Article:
image

Figure 5. Analysis of individual sugar contents of Lycoperisicon pimpinellifolium (a), pp (b) and ee (c) fruit. Glucose (i, top), fructose (ii, middle) and sucrose (iii, bottom) were determined during fruit development. The values are the mean of three measurements ± SE. Where no error bars are shown, the size of the error is less than that of the symbol.

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The fructose content of fruit produced from L. pimpinellifolium PI 126436 and ee plants also significantly (P < 0.01) increased with development (Fig. 5aii & 5cii), although again the increase in ee plants was relatively small. There was no significant increase in fructose content during the development of pp fruit (Fig. 5bii). Like the glucose content of red fruit, the mean fructose content of red L. pimpinellifolium PI 126436 was significantly (P < 0.01) greater (over 250%) than that found in red fruit from ee or pp fruit (Table 1). There was no difference in mean fructose content between red fruit from ee and pp (Table 1). In fruit from L. pimpinellifolium PI 126436, mean fructose content of red fruit was significantly (P < 0.01) greater (25%) than the mean glucose content (Table 1) of the same fruit. This was not the case in ee or pp fruit, where there was no significant difference (Table 1).

The sucrose content of L. pimpinellifolium PI 126436 fruit significantly (P < 0.01) increased with development (Fig. 5aiii). It decreased (P < 0.01) during the development of pp fruit (Fig. 5biii), while there was no change in the sucrose content during the development of ee fruit (Fig. 5ciii). The most significant difference between the ee amd pp lines appears to be that ee fruit have a much higher sucrose content than pp fruit (Fig. 6biii, 6ciii). The mean sucrose content of L. pimpinellifolium PI 126436 or ee red fruit (between which there was no difference) was significantly (P < 0.01) greater (400–600%) than that found in red fruit from pp plants (Table 1). In all cases, hexoses (glucose and fructose) were the dominant storage sugars (Table 1).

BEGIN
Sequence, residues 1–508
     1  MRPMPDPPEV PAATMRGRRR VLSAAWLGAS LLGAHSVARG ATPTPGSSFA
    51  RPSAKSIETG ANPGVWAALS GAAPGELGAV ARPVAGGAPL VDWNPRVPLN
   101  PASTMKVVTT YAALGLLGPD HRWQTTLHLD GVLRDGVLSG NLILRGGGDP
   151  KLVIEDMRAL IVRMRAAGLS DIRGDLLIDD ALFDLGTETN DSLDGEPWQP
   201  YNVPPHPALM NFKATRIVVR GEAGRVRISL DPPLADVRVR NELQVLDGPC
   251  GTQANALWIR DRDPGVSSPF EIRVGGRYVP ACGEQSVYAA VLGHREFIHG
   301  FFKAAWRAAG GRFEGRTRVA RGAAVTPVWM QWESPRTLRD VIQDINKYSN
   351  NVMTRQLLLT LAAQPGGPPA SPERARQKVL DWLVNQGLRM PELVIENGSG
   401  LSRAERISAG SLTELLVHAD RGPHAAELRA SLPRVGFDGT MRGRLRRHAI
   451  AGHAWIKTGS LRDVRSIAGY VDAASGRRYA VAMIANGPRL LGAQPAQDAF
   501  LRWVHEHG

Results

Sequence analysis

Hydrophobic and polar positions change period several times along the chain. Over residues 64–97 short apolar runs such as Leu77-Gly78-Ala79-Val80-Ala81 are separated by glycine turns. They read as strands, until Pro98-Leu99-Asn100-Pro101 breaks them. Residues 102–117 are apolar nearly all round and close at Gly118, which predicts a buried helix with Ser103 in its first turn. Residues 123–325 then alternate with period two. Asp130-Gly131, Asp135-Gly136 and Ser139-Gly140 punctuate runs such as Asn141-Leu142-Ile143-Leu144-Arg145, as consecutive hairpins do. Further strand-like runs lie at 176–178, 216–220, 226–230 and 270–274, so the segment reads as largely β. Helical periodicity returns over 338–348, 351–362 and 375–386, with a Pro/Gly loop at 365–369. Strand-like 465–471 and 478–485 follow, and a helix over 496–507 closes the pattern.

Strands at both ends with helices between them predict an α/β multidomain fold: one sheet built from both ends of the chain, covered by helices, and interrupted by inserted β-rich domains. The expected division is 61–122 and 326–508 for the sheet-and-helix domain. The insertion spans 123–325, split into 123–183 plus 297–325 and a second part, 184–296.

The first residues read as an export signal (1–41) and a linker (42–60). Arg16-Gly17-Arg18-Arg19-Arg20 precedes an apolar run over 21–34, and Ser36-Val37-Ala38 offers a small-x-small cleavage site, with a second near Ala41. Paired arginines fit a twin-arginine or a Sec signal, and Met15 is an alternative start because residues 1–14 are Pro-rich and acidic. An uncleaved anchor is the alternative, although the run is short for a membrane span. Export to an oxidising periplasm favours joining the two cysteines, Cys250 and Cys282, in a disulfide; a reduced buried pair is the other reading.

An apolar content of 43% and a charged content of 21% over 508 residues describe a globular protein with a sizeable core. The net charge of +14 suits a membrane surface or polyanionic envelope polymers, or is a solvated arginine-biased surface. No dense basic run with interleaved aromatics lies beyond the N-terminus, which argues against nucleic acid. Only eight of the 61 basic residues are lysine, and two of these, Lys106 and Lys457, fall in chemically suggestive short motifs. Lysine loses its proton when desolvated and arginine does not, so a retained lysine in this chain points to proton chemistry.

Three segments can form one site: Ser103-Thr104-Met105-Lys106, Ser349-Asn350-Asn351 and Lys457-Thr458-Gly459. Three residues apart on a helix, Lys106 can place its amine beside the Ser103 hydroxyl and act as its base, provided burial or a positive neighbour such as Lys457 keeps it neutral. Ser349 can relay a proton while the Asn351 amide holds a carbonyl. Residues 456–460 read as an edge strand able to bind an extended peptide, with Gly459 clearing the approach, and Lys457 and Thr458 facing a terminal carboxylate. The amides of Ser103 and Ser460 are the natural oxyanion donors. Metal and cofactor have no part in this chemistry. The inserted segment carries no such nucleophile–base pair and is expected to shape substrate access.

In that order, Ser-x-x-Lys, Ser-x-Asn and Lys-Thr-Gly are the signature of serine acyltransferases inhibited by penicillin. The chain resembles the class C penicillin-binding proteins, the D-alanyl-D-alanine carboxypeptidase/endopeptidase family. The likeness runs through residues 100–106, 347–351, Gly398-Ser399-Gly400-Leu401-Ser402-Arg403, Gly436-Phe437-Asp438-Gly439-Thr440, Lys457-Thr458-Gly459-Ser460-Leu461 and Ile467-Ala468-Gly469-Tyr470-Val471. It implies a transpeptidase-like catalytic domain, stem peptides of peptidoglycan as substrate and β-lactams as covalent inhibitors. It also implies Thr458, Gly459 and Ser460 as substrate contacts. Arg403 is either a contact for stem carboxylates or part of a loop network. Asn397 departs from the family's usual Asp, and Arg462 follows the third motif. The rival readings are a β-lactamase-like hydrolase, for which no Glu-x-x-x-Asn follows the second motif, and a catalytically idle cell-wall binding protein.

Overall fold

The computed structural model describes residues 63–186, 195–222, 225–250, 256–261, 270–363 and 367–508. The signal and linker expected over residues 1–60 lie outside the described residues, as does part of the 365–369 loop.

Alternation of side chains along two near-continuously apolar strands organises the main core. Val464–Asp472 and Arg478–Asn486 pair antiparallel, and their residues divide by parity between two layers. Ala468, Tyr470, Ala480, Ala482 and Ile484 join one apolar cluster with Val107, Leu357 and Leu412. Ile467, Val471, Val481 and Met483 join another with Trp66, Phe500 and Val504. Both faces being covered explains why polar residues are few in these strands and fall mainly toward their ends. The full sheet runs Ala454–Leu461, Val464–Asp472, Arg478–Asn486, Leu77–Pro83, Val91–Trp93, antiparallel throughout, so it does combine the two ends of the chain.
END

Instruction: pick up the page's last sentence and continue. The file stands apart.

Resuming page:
image

Figure 6. Relationships between soluble acid invertase activity and sugar content and composition in Lycoperisicon pimpinellifolium (a), pp (b) and ee (c) fruit. The relationships between soluble acid invertase activity and hexose (i, top), total sugar (ii, upper middle), sucrose (iii, lower middle) and hexose to sucrose ratio (iv, bottom) were determined in developing fruit. The values are the mean of three measurements ± SE. Where no error bars are shown, the size of the error is less than that of the symbol.

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Fig. 6 shows the changes in total sugar content and the hexose to sucrose ratio in the developing fruit. The total sugar content of L. pimpinellifolium PI 126436 and ee fruit also increased ( P  < 0.01) with fruit development ( Fig. 7ai, 7ci ). This was not observed in pp fruit ( Fig. 7bi ). Furthermore, the mean total sugar content of ripe L. pimpinellifolium PI 126436 fruit was greater (250–300%; P  < 0.01) than that found in red fruit from both ee or pp fruit ( Table 1 ). Again, there was no difference between the total sugar content of ee and pp red fruit ( Table 1 ).

image

Figure 7. Analysis of total sugar content and composition of Lycoperisicon pimpinellifolium (a), pp (b) and ee (c) fruit. Total sugar (i, right hand side) and the hexose to sucrose ratio (ii, left-hand side) were determined during fruit development. The values are the mean of three measurements ± SE. Where no error bars are shown, the size of the error is less than that of the symbol.

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Fruit produced from pp plants showed a positive correlation (P < 0.01) with the hexose to sucrose ratio and fruit development (Fig. 7bii). This was in contrast to L. pimpinellifolium PI 126436 and ee fruit, which both showed no significant correlation between the hexose to sucrose ratio and fruit development (Fig. 7aii, 7cii). Both L. pimpinellifolium PI 126436 and pp red fruit had a hexose : sucrose ratio value significantly (P < 0.01) greater (500–600%) than that found in ee fruit (Table 1). This reflects the much lower sucrose content of pp fruit rather than a difference in hexose content. There was no difference in the mean hexose : sucrose ratio values between L. pimpinellifolium PI 126436 and pp red fruit (Table 1).